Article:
LSU Defense Looks Strong in 2008 Despite Personnel Losses

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LSU Defense Looks Strong in 2008 Despite Personnel Losses

The 2008 LSU defense looks to rebound from its worst performance statistically since 2001—no easy task considering what LSU has to replace in 2008.

Gone from last year's national champions are All-American defensive tackle Glenn Dorsey, safety Craig Steltz, linebackers Ali Highsmith and Luke Sanders, and cornerbacks Chevis Jackson and Jonathon Zenon.

Plenty of Tiger fans, including myself, were willing to help Bo Pelini pack his bags for Nebraska midway through the 2007 season.  But what us spoiled LSU fans seemed to forget was that the 2007 defense suffered some major losses on the D-line that affected the team's play throughout the season.

First, let's start with Charles Alexander, who missed basically the entire season due to injury.  Then there's Ricky Jean-Francois (RJF), who was suspended the entire regular season due to academic problems.  RJF would play in the SEC and BCS Title games and make a huge impact.

Oh, and let us not forget that Dorsey played much of the second half of the season hurt due to a bad back and bad knee.

The injuries, combined with what I felt was Pelini's inability to adapt to different personnel, were what hurt the defense last season. 

All that said, the season ended with LSU raising the crystal ball.  Okay, so let's move on to 2008.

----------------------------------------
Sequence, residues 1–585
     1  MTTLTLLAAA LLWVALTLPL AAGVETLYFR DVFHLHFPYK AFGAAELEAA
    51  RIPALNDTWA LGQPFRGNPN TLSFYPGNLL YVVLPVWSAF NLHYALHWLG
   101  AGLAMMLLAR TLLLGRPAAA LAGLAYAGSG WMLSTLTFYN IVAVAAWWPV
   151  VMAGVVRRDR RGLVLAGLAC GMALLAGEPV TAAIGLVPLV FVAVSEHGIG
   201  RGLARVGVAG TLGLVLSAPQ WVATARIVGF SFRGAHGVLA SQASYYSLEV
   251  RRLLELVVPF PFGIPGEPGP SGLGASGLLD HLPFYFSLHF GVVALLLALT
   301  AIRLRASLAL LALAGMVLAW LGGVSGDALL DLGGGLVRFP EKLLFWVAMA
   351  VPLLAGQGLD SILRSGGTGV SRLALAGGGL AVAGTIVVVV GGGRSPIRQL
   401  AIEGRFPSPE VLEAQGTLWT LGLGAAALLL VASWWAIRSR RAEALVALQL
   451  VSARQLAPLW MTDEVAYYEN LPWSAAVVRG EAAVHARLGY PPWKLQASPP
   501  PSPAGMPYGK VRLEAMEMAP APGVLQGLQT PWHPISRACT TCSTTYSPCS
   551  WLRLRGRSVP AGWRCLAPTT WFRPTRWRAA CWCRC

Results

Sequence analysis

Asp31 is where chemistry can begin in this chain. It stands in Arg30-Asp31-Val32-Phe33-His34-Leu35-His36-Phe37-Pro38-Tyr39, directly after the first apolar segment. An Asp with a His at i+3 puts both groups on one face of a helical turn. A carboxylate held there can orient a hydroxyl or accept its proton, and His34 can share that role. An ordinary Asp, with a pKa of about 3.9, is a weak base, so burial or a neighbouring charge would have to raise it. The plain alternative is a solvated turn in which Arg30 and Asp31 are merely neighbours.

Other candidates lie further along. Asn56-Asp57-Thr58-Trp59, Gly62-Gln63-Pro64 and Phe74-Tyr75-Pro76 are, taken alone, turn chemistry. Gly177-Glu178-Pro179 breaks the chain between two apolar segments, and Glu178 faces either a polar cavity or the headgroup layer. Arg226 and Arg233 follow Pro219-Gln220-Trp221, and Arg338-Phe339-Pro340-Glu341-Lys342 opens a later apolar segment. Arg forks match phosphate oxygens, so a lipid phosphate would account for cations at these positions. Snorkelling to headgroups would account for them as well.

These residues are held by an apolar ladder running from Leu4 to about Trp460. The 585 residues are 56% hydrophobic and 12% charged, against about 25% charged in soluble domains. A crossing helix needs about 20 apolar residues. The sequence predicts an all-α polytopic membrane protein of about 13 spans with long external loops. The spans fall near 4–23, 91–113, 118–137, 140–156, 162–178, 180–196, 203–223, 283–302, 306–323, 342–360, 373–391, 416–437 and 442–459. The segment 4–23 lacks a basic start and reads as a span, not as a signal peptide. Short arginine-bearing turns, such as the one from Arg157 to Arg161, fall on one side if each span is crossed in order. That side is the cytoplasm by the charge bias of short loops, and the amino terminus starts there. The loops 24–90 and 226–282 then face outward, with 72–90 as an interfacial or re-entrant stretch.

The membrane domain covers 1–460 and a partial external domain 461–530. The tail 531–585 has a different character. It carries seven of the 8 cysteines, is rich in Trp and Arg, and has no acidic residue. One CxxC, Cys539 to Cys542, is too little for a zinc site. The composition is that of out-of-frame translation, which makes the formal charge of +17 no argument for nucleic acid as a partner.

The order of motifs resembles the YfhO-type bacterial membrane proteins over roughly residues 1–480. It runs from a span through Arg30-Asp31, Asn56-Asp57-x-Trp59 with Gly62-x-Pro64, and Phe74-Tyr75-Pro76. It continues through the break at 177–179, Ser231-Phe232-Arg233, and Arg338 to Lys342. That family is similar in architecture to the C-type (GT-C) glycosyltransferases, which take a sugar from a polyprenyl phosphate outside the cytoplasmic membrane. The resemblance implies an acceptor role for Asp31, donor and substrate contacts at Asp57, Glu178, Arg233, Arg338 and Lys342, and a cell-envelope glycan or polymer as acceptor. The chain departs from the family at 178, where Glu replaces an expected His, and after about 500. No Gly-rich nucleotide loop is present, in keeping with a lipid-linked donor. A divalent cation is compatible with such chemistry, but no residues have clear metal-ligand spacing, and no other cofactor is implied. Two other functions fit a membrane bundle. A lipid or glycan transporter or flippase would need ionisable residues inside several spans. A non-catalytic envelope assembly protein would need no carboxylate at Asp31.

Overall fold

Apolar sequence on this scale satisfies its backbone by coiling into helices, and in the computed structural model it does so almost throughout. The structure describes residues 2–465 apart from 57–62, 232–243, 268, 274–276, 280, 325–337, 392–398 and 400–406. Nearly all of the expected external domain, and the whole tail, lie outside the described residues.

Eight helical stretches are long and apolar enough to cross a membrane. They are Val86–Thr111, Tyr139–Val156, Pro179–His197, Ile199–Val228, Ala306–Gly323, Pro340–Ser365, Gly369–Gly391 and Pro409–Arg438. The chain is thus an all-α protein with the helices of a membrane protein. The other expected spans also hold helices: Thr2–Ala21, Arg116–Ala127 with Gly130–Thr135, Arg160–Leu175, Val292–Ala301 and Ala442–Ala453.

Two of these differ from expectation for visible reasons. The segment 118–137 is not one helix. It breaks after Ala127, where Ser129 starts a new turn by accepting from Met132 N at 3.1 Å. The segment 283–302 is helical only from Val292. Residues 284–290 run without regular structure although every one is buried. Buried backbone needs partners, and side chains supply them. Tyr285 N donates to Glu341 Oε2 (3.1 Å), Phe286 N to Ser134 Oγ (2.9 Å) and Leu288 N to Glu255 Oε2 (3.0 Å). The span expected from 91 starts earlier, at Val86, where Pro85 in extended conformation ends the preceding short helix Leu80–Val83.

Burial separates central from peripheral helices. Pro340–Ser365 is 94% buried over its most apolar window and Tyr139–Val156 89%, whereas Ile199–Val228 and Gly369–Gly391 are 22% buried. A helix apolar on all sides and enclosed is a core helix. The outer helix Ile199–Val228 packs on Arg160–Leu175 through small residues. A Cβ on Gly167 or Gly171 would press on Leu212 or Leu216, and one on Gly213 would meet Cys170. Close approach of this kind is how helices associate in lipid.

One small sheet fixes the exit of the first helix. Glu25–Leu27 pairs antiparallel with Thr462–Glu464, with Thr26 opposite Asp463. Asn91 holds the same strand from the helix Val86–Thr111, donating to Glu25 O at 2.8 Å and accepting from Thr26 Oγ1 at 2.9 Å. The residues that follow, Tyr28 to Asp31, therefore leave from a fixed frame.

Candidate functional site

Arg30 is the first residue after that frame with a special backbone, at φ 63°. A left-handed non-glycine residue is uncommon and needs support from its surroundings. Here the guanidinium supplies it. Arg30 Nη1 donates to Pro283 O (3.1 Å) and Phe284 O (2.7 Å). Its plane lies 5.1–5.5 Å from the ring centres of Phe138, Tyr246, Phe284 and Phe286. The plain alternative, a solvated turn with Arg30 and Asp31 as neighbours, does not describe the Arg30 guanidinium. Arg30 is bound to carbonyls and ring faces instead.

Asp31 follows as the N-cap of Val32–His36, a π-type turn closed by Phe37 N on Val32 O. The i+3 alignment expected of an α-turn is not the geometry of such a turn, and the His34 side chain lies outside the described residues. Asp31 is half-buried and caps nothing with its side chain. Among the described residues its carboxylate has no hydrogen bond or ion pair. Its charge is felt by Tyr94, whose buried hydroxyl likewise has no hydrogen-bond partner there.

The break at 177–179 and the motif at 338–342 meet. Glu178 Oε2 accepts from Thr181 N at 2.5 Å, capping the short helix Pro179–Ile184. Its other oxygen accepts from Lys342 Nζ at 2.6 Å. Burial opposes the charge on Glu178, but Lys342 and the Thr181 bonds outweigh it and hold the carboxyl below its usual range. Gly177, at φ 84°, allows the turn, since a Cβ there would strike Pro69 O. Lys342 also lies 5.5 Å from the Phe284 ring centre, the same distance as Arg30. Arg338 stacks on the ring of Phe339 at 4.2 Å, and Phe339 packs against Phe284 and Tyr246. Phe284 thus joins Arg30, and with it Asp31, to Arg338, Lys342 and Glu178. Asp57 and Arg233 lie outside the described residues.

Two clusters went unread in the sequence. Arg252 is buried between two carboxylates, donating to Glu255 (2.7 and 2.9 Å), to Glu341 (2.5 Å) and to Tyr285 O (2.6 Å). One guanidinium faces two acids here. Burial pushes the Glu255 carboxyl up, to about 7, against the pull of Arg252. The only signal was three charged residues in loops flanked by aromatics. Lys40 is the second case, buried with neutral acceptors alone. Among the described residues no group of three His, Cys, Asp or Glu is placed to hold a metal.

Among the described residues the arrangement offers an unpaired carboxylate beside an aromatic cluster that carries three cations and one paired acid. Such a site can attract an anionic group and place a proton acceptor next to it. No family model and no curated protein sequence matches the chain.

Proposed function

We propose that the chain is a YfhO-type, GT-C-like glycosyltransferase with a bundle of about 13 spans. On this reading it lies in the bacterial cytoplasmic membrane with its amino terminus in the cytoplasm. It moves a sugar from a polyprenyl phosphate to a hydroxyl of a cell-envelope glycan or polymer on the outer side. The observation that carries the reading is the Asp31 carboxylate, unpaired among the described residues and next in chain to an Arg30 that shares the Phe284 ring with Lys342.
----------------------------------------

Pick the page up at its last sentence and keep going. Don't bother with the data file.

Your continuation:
There's no doubt that Dorsey leaves the biggest void on defense, but ironically, I think LSU's defensive line will be every bit as good as last season, if not better.  How can that be, you ask?

Well, as I stated above, Charles Alexander was out for the year.  RJF did not play until the final two games of the year.  And Bo Pelini will not be roaming the LSU sidelines thinking about whom he is going to add to his coaching staff at Nebraska.

Okay, I joke about the last sentence.

In 2008, the defensive line will once again be LSU's strong point.  Tyson Jackson, a potential first round pick, comes back at right defensive end.  Kirston Pittman, who was granted a sixth year of eligibility, will start at left defensive end.

Prior to 2007, Pittman spent much of 2005 and 2006 on the bench with injuries.  When healthy, he has been a solid performer at the defensive end position for the Tigers.

Alexander and RJF will start at the defensive tackle positions.  Both men had strong 2006 campaigns serving as backups and look to make a huge impact for LSU in 2008.

Behind this starting four are a number of able-bodied backups, some of whom are guys who saw a fair amount of playing time in 2007.  The others are highly touted recruits vying for playing time in 2008. 

The depth on the defensive line is awesome.  I am not trying to speak like a homer, but it is the absolute truth.  One thing that Pelini did well was rotate a number of guys in and out, giving everyone good experience against quality competition.  The key backups who figure to get the most playing time are defensive tackles Marlon Favorite and Al Woods, and defensive ends Tremaine Johnson and Rahim Alem.